Corbyn hits the ground running after Tories pick up hundreds of council seats
JEREMY CORBYN is hitting the ground running with his election campaign, despite setbacks for his party in Thursday’s local elections.
Undeterred by the results, the Labour leader will be in Leicester today setting out his strategy for the coming weeks until the general election on June 8.
The Conservatives, at the time of the Star going to print, had picked up 11 new councils and 520 councillors fuelled by the mass exodus of voters from Ukip to the Tories.
Meanwhile, Labour lost more than 289 seats and its majority on Glasgow City Council for the first time in 40 years as well as suffering reverses in Welsh strongholds to the Tories.
Ukip lost every seat it was defending while gaining one councillor in Lancashire with previous Ukip voters choosing to side with the Tories. The turnout percentage was not revealed yesterday.
Speaking to Labour supporters in Liverpool, Mr Corbyn said: “We’ve had some difficult results overnight. Some have been very good.
“We’ve gained seats in some places, we’ve held councils that many predicted we wouldn’t.”
The Labour leader added that it is now crucial to get the party’s “message out there” with just three weeks to go until the election.
“Pensioners do not have to live in fear of their pensions being cut in the future because the government will not protect the triple-lock.
“People don’t have to be living on appalling wages, through zero-hours contracts or minimum wage only. Labour will change all of that.”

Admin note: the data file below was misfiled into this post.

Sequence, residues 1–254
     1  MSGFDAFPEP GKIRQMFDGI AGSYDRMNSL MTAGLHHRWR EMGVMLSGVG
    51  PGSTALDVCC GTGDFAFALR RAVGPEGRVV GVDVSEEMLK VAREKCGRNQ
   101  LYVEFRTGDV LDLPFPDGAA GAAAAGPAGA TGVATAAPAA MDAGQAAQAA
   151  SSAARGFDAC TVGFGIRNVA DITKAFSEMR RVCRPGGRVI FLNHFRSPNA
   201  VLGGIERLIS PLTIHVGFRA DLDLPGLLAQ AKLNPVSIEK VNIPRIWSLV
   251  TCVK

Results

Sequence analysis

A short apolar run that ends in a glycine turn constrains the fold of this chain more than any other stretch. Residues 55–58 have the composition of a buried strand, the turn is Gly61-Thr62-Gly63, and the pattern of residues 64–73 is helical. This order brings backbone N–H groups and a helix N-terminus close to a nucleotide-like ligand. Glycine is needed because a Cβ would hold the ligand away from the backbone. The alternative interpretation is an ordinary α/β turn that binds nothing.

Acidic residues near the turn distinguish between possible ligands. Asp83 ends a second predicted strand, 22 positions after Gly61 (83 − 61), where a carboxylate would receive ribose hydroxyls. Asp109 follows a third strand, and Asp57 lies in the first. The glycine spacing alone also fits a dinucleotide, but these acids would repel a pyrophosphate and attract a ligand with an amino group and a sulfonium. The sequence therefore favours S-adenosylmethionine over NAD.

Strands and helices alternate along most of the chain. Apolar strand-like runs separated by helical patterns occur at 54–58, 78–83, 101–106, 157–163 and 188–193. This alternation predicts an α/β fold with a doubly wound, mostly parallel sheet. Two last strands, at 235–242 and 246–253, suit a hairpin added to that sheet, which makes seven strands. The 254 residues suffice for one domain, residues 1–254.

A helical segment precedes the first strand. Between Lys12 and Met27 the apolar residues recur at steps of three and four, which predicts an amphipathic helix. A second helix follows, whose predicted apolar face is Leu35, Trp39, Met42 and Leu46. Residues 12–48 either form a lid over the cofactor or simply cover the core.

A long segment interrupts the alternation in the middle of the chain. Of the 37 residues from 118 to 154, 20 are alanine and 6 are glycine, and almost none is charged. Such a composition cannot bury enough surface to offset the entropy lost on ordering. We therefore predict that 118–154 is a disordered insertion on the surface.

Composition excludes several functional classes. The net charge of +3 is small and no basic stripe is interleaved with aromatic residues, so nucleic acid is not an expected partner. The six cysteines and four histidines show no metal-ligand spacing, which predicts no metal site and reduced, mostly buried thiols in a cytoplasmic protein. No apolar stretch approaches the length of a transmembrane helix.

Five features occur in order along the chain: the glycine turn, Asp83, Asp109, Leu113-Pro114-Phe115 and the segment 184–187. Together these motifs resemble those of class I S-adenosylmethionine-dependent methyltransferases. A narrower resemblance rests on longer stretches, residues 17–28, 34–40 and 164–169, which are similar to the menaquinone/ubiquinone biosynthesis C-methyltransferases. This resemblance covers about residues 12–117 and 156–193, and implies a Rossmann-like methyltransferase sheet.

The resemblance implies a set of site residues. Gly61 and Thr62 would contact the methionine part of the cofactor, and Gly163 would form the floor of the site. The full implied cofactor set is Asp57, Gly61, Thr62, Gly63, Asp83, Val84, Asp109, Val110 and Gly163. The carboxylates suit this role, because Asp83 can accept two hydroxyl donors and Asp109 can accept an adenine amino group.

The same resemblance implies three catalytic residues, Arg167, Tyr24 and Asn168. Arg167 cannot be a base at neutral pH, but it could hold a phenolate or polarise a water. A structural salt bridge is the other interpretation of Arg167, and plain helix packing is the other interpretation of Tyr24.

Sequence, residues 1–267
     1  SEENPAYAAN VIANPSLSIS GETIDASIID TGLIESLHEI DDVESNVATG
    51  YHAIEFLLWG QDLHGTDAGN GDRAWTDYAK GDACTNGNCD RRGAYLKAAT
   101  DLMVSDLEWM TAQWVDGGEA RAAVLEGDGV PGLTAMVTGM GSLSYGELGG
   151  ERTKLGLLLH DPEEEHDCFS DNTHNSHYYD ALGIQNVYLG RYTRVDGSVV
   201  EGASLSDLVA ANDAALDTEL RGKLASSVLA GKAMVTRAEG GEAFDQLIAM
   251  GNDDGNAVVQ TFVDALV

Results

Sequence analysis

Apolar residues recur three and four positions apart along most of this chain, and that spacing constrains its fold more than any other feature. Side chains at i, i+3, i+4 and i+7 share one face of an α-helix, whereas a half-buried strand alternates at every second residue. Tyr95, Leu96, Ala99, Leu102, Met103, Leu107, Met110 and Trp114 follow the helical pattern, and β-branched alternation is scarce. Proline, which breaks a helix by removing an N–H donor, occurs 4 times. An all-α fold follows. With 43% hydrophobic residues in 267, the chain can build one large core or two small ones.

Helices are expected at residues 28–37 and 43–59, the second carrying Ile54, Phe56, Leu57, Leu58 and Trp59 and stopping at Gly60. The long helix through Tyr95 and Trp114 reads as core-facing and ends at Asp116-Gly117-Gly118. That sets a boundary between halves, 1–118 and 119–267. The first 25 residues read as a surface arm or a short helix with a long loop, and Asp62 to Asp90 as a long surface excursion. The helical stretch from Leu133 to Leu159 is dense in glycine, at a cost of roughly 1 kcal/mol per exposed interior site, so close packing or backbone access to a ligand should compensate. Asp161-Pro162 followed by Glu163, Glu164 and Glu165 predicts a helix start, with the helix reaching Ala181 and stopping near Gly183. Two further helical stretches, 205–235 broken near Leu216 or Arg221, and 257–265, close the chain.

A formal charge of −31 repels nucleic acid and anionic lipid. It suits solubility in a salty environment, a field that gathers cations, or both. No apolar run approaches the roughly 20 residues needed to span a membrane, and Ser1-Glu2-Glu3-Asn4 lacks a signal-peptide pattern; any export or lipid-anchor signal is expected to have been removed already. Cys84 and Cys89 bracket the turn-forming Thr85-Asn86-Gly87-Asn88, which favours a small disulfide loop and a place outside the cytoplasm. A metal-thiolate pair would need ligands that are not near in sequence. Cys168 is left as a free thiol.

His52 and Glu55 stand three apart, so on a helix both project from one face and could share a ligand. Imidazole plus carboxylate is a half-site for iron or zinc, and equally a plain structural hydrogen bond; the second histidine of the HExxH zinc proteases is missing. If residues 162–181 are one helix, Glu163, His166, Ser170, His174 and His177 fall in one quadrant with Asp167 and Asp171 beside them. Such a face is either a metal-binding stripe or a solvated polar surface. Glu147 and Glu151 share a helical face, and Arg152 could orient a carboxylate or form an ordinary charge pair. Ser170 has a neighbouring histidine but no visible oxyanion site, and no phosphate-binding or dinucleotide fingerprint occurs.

Shadow chancellor John McDonnell also acknowledged that Labour had suffered a “tough” night, but insisted the results were not “the wipeout that some people expected.”
There was still “all to play for” in the election in just five weeks’ time, he said.
Mr McDonnell added that Labour’s vote “held up” in areas of Wales where Mr Corbyn had campaigned with signs that voters were developing more confidence in him after he’d been given the chance to get his message across.
The shadow chancellor called again for “robotic” PM Theresa May to take part in TV debates, and compared her stiff style to Labour’s “open and engaging” campaign.
In reponse to the local election results the PM said she was still “taking nothing for granted” in the upcoming general election.
Sir Michael Fallon said Conservatives were winning votes from people who believed Ms May was best to be in power while Brexit talks went on.
Liberal Democrats had a poor election, failing to break through against the Tories in south-west England.
At the time the Star went to print, Lib Dems had 402 councillors, a net loss of 28; the Scottish National Party had 365, adding 31; Plaid Cymru was on 202, a net gain of 26 and the Greens were on 40, a net gain of six.
Lib Dem leader Tim Farron claimed that strong performances in target areas like St Albans — where he addressed activists — meant his party was on track to more than double its presence of nine MPs at Westminster.
A BBC projection of the overall national vote share put Conservatives on 38 per cent (up 13 points since 2013), Labour 27 per cent (down two), Liberal Democrats 18 per cent (up four) and Ukip 5 per cent (down 18).